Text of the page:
Saving 1232 Druid Hill Avenue from demolition is an important step forward in our efforts to preserve Baltimore’s Civil Rights Heritage. We are interested in working with Bethel AME Church to see 1232 Druid Hill Avenue redeveloped for use as a home or community space. We are working residents to expand the Marble Hill Historic District and protect other properties at the edges of the district. We are supporting neighborhood activists fighting for the stabilization of the Harry S. Cummings House at 1318 Druid Hill Avenue. Please subscribe for updates on Baltimore’s Civil Rights heritage for ongoing updates on these efforts and share your own thoughts in the comments.

Subscribe for updates on Civil Rights Heritage

2015 Award Recipient, Fallsway Spring

Submit a nomination for our 2016 Preservation Awards! Help us find Baltimore's best preservation and heritage projects

We need your help to find the past year’s best preservation projects. Are you….

  • a homeowner who just finished a big restoration project? Or you know a neighbor who has?
  • a builder or architect who worked on a unique adaptive reuse project last year?
  • a volunteer with a community group preserving and celebrating historic places in Baltimore?
2015 Award Recipient, Police Station at Fells Point Station 1621 Bank Street
2015 Award Recipient, Police Station at Fells Point Station 1621 Bank Street

If you answered yes, then we want you to nominate your preservation project or heritage achievement for our 2016 Preservation Awards. Since 1961, we have given awards to hundreds of projects and people, from rowhouse renovations to brewery conversions, from authors of Baltimore history to civic groups saving our buildings and revitalizing our neighborhoods. We welcome nominations for projects large and small.

We keep our awards nomination process simple—all we need is a short description of the project or achievement, images, and names and contact information for the project partners. Learn more about our awards categories and review process then please send in your nomination today. Remember to make a nomination before our deadline on Wednesday, March 2, 2016. And don’t forget to stay tuned for the details on our annual awards celebration in June!

2015 Award Recipient, Bolton Hill Nursery School
2015 Award Recipient, Bolton Hill Nursery School
From the Preliminary Alternatives Screening Report (2014), B&P Tunnel Project.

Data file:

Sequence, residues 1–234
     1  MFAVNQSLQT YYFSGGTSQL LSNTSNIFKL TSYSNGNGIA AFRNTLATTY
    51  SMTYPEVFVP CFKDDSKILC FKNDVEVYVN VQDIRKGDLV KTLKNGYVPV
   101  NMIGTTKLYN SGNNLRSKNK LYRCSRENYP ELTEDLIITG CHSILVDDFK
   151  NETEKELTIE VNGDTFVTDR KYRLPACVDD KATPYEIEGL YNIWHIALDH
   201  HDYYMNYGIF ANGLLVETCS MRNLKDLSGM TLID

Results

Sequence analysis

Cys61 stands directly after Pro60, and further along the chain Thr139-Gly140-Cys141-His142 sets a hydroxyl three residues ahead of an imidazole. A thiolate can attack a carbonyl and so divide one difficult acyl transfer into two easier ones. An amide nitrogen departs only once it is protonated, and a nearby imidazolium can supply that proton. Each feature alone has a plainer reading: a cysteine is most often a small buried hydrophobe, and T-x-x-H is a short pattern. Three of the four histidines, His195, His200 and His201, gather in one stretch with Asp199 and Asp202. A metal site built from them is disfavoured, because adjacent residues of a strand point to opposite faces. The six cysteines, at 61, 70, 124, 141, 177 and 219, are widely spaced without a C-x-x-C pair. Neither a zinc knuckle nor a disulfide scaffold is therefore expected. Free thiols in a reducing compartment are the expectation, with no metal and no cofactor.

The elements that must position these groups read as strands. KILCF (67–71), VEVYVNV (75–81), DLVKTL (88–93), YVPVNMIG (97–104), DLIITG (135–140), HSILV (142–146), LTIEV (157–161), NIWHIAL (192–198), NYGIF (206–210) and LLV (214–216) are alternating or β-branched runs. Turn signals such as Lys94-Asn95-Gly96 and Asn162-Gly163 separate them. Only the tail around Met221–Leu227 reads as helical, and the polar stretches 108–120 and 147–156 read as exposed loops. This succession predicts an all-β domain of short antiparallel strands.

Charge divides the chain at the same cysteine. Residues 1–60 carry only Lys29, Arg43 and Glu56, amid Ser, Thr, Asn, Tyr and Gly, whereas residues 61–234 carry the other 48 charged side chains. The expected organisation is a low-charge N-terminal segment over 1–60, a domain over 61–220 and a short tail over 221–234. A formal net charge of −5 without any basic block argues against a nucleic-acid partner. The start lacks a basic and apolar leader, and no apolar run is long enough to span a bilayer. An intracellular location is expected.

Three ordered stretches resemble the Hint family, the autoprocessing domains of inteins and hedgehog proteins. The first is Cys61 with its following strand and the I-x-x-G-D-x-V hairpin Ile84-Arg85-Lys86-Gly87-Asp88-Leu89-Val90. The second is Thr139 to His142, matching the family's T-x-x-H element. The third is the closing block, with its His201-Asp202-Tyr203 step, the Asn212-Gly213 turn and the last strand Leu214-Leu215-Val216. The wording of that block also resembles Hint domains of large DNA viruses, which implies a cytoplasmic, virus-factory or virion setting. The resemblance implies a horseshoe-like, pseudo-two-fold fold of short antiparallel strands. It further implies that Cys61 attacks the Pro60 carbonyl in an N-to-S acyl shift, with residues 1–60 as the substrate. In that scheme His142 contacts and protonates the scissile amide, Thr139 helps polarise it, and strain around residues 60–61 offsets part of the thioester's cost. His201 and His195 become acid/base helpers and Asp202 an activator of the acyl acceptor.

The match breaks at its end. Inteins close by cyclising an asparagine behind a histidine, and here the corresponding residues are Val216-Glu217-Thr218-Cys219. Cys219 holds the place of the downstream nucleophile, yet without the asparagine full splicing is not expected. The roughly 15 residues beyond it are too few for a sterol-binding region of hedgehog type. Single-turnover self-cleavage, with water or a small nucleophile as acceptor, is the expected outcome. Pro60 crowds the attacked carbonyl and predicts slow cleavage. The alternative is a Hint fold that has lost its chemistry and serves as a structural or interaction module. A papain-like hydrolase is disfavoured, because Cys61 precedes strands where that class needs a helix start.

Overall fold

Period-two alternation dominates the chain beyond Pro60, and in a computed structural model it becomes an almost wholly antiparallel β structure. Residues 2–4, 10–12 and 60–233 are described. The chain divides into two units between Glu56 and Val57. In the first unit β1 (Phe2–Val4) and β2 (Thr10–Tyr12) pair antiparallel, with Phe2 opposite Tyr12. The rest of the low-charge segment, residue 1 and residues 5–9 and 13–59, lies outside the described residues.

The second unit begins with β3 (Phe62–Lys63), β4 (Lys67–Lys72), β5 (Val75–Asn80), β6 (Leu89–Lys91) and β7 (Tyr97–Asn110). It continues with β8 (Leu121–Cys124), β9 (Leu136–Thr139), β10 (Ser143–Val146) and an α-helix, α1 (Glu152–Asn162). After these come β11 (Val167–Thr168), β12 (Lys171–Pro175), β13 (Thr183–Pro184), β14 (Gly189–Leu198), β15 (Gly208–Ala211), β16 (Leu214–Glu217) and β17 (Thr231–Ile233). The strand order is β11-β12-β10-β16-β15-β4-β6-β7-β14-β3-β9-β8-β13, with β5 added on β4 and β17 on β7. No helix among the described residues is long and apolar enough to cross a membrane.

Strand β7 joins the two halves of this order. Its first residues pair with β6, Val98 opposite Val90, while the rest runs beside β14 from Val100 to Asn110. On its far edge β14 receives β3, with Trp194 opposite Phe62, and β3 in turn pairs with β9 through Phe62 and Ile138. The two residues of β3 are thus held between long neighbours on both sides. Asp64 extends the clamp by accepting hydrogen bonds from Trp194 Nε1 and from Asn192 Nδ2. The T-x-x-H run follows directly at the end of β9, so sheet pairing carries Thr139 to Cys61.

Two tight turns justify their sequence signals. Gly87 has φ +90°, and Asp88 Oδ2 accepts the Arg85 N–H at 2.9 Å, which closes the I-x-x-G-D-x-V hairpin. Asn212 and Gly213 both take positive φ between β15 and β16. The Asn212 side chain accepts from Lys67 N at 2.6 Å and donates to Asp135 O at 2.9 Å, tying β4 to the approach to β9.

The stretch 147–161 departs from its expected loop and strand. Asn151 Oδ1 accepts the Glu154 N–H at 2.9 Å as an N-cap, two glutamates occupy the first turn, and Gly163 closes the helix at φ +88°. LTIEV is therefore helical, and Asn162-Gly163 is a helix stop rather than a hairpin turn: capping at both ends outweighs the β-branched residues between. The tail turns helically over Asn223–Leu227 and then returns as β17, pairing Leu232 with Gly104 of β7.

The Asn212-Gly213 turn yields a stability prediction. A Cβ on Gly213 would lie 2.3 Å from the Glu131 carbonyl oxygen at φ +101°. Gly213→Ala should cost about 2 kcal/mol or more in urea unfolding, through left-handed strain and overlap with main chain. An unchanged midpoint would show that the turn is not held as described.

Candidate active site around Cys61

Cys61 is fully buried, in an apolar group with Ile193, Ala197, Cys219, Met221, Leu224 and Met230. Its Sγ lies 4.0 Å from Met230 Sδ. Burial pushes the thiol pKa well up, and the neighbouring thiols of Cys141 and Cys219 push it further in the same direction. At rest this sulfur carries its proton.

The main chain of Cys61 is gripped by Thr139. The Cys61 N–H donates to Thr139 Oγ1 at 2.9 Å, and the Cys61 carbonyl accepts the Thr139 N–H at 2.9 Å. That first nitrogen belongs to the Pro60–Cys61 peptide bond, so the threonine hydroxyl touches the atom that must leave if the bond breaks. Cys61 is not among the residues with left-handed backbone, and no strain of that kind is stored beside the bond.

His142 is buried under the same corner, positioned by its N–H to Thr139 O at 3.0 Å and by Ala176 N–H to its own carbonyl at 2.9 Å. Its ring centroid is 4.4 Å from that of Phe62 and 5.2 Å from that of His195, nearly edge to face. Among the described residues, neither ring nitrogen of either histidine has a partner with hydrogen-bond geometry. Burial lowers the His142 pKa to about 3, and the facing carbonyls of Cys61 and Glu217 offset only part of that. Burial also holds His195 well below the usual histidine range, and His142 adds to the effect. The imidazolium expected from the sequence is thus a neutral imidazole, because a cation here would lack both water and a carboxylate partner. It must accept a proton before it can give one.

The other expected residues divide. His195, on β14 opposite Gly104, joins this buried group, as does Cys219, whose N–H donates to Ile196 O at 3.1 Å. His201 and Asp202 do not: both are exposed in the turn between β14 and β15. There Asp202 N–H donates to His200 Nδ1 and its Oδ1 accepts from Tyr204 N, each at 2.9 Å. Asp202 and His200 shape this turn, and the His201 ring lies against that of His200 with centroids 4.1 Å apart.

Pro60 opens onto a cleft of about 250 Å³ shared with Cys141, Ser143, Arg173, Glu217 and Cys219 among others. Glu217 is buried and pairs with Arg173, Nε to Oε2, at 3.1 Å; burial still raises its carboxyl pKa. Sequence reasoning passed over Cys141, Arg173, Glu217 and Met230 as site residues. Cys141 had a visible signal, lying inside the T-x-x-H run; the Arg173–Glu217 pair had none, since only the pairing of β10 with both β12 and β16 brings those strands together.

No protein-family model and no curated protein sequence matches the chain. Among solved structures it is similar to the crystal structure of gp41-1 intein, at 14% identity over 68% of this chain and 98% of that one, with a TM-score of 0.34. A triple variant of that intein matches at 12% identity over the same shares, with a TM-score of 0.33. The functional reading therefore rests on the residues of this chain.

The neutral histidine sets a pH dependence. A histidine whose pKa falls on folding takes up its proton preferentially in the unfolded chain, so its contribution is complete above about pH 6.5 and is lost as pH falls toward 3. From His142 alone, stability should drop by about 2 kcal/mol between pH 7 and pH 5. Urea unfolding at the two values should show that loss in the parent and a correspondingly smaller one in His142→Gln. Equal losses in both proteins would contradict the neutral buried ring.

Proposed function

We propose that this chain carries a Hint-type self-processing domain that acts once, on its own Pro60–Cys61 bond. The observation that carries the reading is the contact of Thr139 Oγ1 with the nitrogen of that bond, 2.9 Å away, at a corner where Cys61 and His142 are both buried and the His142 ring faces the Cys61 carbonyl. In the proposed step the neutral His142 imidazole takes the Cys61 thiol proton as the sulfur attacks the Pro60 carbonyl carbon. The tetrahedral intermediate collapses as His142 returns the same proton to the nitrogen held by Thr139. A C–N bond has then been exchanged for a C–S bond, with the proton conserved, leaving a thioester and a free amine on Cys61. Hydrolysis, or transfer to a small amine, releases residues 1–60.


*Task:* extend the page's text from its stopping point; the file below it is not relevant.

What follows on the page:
Share your comments on the B&P Tunnel Project draft study Deadline to testify or submit comments is February 19

The recent release of a draft study on the B&P Tunnel project is an important opportunity for West Baltimore residents to share their comments on the draft. Learn more background about the B&P Tunnel project or read on for information on submitting comments and what is included in the draft report.

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Guilford Apartments on E. North Avenue up for auction on January 28 Opportunity for rehabilitation and new neighbors in historic Greenmount West

An early 20th century apartment building at 231-233 E. North Avenue is up for auction on January 28—presenting an important opportunity for continued investment in the historic Greenmount West neighborhood. In the past few years, public art from the Station North Arts and Entertainment District, developers fixing up landmarks like The Centre Theatre and the Chesapeake Restaurant, and the hard work of neighborhood residents with the New Greenmount West Community Association have combined into a unique example of how arts, culture and historic preservation can support community development.

231-233 E. North Avenue, 2015 November 15
231-233 E. North Avenue, 2015 November 15

Formerly known as the Guilford Apartments, 233 E. North Avenue dates back to 1902 when the Guilford Avenue Construction Company awarded a $23,000 construction contract to builder C.S.M. Williamson. In the 1900s and 1910s, developers erected small to mid-sized apartment buildings across central and north Baltimore including the nearby Preston Apartment House (1902) at Guilford Avenue and Preston Street and The Walbert (1907) on Charles Street. The 1880s rowhouse next door at 231 E. North Avenue remained a single-family home up through the 1910s but was converted into an office by 1953.

Twenty years ago, the owner of the building received approval to expand from 22 apartments to 40 for a senior housing project. The effort stalled with little progress and, in 2012, a new developer won support from the Board of Municipal and Zoning Appeals to turn the vacant building into nineteen apartments. According to the auctioneer, the owner then gutted the interior preparing to start construction but could not complete the project.

233 E. North Avenue from Guilford Avenue, 2015 November 15
233 E. North Avenue from Guilford Avenue, 2015 November 15

On Thursday, January 28, 2016 at 12:30 pm, 231-233 E. North Avenue is up for auction and we hope the building is rehabilitated and offers a welcome home for new neighbors in the Greenmount West community. The starting bid is for the property is $175,000 and property taxes are $4,465.12 (2015-2016). Thanks to the building’s location within the North Central National Register Historic District, a project at this building could be eligible for the Baltimore City Historic Tax Credit program—check out our tax credit guide for more information. Plans are also available:

Learn more about the 231-233 E. North Avenue from Ashland Auction. For questions or more information, contact auctioneer Adam Shpritz by phone at 410-365-3595 (cell) or 410-488-3124 (office) or by email at adam@ashlandauction.com. Pr-bid offers are accepted by phone at 410-488-3124 or by email to adam@ashlandauction.com.